Despite having been painted 74 years ago, Jacob Lawrence’s cycle of 60 paintings depicting the migration of African-Americans from the South to the North feels as poignant and timely as if created last week. Painted on 18-by-12 inch slabs of hardboard, the works, hung at eye level in one line around the perimeter of a MoMA gallery, chronicle the hardships, bigotry and brutality black Americans faced. That Lawrence was just 23 when he made the “Migration Series” makes the entire project all the more remarkable. In “One-Way Ticket,” Lawrence’s work is contextualized by well-chosen examples of African-American pre-war literature, music, photography and the work of a few of his contemporaries, including Romare Bearden and Charles White.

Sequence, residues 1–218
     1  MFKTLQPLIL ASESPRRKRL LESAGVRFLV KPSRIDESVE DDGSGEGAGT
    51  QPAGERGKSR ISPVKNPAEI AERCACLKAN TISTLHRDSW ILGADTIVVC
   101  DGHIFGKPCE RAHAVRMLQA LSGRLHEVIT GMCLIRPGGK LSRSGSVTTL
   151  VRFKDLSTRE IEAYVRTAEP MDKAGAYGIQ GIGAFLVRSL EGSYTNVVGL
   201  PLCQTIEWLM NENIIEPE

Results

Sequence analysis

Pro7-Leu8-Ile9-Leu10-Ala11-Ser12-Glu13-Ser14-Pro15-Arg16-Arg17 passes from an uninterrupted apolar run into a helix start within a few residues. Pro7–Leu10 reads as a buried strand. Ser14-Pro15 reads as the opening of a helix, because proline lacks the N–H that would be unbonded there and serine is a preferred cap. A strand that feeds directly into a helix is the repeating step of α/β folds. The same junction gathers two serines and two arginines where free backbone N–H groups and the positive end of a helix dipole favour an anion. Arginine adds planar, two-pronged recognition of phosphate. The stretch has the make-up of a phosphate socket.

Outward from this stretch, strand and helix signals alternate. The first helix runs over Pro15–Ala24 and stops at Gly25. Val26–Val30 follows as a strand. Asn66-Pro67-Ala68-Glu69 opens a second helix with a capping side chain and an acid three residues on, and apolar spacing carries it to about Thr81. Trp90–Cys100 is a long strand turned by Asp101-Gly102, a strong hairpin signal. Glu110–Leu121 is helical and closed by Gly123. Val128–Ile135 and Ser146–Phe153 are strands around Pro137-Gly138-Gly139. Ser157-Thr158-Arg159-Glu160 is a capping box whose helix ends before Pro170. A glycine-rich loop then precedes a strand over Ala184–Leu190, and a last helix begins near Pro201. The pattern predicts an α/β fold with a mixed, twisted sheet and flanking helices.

The final panel suggests this epic journey would continue: “And the migrants kept coming.”
Pictured: Jacob Lawrence: The Migration Series, panel 3: “In every town Negroes were leaving by the hundreds to go North and enter into Northern industry,” 1940-41, casein tempera on hardboard, 18 by 12 inches. Courtesy The Phillips Collection, Washington D.C. © 2015 The Jacob and Gwendolyn Knight Lawrence Foundation, Seattle / Artists Rights Society (ARS), New York.